Ticks and Lyme disease
Ticks are tiny blood-sucking arachnids which can be found in areas of dense vegetation, such as long grass or bracken. Ticks can attach themselves to you and/or your dog and feed on blood by biting through the skin.
Ticks are known to carry a variety of diseases. The most serious of these is Lyme disease, which can be transmitted through the bite of an infected tick.
Ticks that may cause Lyme disease are found all over the UK, but high-risk areas include grassy and wooded areas in southern England including Buckinghamshire.
Only a small number of ticks are infected with the bacteria that cause Lyme disease. A tick bite can only cause Lyme disease if the tick has already bitten an infected animal.
It's still important to be aware of ticks and to safely remove them as soon as possible, just in case.
How can you prevent this?
If you are planning to go walking in an area of dense vegetation, consider the following:
- Wear trousers and long-sleeved shirts. Keep cuffs fastened and trousers tucked into socks
- Wear shoes or boots rather than open sandals
- Use an insect repellent that can protect against ticks for several hours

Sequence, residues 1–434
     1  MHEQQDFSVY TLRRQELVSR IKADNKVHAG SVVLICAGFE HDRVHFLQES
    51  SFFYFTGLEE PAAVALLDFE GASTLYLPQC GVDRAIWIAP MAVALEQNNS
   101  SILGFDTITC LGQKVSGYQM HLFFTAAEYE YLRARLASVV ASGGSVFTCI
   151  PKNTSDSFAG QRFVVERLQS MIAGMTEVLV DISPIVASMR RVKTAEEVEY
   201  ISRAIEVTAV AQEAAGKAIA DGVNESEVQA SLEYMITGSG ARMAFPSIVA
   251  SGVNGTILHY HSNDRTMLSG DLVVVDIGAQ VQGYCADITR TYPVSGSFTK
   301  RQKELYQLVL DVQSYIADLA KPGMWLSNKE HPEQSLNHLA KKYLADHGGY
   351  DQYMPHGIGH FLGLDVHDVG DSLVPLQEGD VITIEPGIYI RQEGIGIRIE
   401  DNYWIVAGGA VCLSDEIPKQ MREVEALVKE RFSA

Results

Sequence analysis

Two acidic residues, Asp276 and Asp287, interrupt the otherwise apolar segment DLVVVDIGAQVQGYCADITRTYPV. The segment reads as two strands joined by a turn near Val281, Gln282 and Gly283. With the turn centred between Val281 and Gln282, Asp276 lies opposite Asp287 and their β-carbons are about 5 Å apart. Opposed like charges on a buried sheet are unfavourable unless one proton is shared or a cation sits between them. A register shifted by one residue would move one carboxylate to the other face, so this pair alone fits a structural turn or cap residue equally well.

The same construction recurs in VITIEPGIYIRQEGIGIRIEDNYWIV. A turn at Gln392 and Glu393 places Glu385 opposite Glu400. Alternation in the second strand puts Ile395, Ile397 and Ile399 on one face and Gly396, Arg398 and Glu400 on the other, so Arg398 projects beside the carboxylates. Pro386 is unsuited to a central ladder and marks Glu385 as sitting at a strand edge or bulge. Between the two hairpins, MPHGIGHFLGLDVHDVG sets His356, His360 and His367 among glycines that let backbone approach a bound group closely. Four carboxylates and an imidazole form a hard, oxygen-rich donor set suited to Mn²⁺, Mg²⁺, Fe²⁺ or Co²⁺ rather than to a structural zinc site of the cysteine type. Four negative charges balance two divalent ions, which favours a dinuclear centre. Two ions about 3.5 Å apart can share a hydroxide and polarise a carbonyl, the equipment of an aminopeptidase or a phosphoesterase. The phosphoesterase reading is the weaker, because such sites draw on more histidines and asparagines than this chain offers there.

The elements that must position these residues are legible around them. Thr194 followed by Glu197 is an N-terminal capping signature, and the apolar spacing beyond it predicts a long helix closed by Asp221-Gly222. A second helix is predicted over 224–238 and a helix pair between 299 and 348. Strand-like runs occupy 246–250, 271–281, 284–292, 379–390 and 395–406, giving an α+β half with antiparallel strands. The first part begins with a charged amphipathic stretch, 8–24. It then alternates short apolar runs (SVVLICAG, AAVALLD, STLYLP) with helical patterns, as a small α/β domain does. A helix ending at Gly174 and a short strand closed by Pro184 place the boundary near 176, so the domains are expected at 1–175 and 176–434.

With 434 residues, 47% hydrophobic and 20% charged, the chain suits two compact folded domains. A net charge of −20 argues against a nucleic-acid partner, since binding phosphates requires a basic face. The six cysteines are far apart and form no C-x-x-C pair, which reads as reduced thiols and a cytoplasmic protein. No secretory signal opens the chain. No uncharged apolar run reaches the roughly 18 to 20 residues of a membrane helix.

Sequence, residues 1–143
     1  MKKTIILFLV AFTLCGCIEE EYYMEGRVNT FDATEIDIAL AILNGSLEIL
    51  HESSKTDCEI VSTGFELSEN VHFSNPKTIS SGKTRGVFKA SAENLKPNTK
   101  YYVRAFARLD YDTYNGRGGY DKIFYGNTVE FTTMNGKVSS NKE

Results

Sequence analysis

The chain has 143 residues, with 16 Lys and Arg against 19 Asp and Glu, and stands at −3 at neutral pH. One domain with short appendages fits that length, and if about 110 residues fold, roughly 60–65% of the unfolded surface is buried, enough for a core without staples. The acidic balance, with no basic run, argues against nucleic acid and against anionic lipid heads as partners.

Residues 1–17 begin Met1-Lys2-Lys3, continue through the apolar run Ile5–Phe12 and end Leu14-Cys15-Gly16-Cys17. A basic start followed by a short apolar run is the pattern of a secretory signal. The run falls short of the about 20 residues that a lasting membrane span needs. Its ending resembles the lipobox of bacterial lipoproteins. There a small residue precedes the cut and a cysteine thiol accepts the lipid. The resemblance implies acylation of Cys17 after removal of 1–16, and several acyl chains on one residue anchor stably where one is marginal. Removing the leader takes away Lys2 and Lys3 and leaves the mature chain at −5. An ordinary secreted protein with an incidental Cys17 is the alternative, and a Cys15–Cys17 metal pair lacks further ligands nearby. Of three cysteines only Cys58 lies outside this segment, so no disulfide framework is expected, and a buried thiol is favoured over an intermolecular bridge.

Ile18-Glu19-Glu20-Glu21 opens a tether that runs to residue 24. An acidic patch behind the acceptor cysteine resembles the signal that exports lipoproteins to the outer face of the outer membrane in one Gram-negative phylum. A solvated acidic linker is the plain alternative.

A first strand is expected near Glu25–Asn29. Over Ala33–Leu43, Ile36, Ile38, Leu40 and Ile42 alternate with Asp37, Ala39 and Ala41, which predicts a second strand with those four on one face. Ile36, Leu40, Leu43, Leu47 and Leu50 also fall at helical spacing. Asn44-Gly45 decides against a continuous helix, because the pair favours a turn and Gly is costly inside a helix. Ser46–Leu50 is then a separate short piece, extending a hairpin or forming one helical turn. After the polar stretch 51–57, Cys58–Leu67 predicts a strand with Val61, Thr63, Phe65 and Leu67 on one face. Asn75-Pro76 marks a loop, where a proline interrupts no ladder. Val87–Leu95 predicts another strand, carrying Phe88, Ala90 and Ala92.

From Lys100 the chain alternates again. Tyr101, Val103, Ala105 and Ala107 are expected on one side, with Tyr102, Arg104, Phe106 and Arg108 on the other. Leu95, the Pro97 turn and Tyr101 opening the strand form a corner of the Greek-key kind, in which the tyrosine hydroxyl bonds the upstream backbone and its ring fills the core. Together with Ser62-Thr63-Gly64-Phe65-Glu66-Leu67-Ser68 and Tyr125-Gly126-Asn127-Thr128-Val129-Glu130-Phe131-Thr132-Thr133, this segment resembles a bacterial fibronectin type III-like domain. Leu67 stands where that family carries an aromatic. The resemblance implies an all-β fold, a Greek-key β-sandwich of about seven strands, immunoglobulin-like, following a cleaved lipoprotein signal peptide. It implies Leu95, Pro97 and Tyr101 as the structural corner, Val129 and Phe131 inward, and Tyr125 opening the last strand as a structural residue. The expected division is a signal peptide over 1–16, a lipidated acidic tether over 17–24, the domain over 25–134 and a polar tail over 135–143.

- If you find a tick, remove it quickly, preferably with a specially-designed tick removal tool. These are better than household tweezers as they avoid the risk of squashing the tick and releasing fluids into your skin. In an emergency, you can use a thread of cotton looped around the tick’s mouthparts, which you then pull steadily upwards
- Dogs are also vulnerable to ticks, consult your vet for insect repellent or a tick collar
- After your walk, carefully brush all clothing and examine yourself for ticks, pay special attention to their favourite feeding places:
- The backs of knees
- Around the groin
- Under the arms
- The hairline and scalp, especially on small children
If part of the tick breaks off or you think any part of it may be left in your skin, wash the site thoroughly. Do not worry about digging with a needle as that may do more damage. Your body will deal with any embedded remains. Consult a doctor if the small area of redness gets worse.
Further information on tick bites and Lyme disease can be found via the NHS website.